And of course, La Garganta del Diablo (the devil's throat). Although that one is literally pretty awesome.
Al ver verás ("At seeing, you will see"), Buenos Aires, is of a more subtle variety. The name is so ambiguous, it can be either a good or sinister omen, depending on your mood... and on what you actually find there. Eldritch Abominations? Neverending Happiness?. Go ahead, boy, and you will see... But there is some kind of warning there...? Hey, when just the sign of the place starts to play mind games with you, you should know this can't be any good.
La Matanza (The Slaughter). It also has a reputation for being the most dangerous Partido in the Greater Buenos Aires.
Spain itself has the scenic Costa da Morte (Coast of Death) and Finisterre (Land's End, or End of the Earth) in the northwestern region of Galicia. Some locations with picturesque names include the mountain pass of Despeńaperros (Throw the Dog Down the Cliff).
Most Evil Empires even in Real Life seem to prefer fancy and nice sounding names for slave camps and torture prisons. An exception would be the Nazis, who named their Annihilation Campsnote in German, Vernichtungslager, Exactly What It Says on the Tin exactly for what they were. The closest thing to Hell ever seen on earth.
The town Reet in Belgium. In Dutch (the language spoken in the region of Reet), the town's name means arse (and more specifically, the smelly part of it).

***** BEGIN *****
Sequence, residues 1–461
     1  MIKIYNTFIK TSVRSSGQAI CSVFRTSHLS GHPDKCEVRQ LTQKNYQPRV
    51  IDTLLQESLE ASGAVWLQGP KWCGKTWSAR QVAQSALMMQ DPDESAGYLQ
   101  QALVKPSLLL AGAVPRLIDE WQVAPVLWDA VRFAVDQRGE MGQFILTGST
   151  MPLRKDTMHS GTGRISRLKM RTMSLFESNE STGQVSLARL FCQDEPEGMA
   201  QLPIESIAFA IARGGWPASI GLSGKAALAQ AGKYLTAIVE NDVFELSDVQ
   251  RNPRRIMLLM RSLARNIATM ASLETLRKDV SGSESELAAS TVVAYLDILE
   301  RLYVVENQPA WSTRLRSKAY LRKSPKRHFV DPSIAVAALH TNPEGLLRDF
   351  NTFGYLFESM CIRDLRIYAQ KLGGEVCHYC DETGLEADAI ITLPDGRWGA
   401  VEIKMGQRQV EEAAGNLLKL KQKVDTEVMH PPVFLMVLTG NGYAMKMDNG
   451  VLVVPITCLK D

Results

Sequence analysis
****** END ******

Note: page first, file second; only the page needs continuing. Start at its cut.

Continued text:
Malignant Cove, Nova Scotia. Even though the name was changed to Milburn in 1915, the area is still known by its previous name.
Boring, Oregon. You have been warned.
Isn't that more of a Name To Just Keep Driving Through?
Slaughter, Washington. Biggest motel? The "Slaughter House". Town renamed to Auburn, later on.
There's also Thrasher's Corner in Bothell.
And Cape Disappointment.
The province of Quebec has, or has had (and the overwhelming majority are "has"): three Devil's Bay (fr "Baie du Diable" or "Baie au Diable"), one Devil's Dam, six Devil's Cape, two Devil's Road, two Devil's Channel, ten Devil's Falls, two Devil's Height, one Devil's Creek, one Devil's Fountain (a natural gas source), five Devil's Island, twenty-five Devil's Lake, one Devil's Pond, three Devil's Mountain/Mt Devil, one Devil's Bridge, seven Devil's Rapids, one Devil's Ravine, four Devil's River, five Devil's Brook, three Devil's Hole (a rapid, a cavern and a ravine) and one Devil's valley. To these one must add two "Evil Bays" (La Malbaie and Mal-bay near Percé), one Lake Lucifer, one Lucifer's Rapid, six Hell Lake, two Hell Cape, one Hell river, two Hell Brooks, three Gates-of-Hell lakes, one Gate-of-Hell mountains, four Gates of Hell brooks (and in total 33 bridges, rapids, brooks, falls, notches and others that all found their way to having "Gates of Hell" in their name). Among others.
If those weren't scary enough, one town retains the name of what was, for a long time, its chief export, a material now banned for being a known carcinogen. Welcome to Asbestos!
Cut and Shoot, Texas. Cut and Shoot was named after a 1912 community confrontation that almost led to violence, the circumstances of which are debated. Whatever the circumstances were, a small boy at the scene reportedly declared "I'm going to cut around the corner and shoot through the bushes in a minute!" This statement was eventually adopted as the town's name.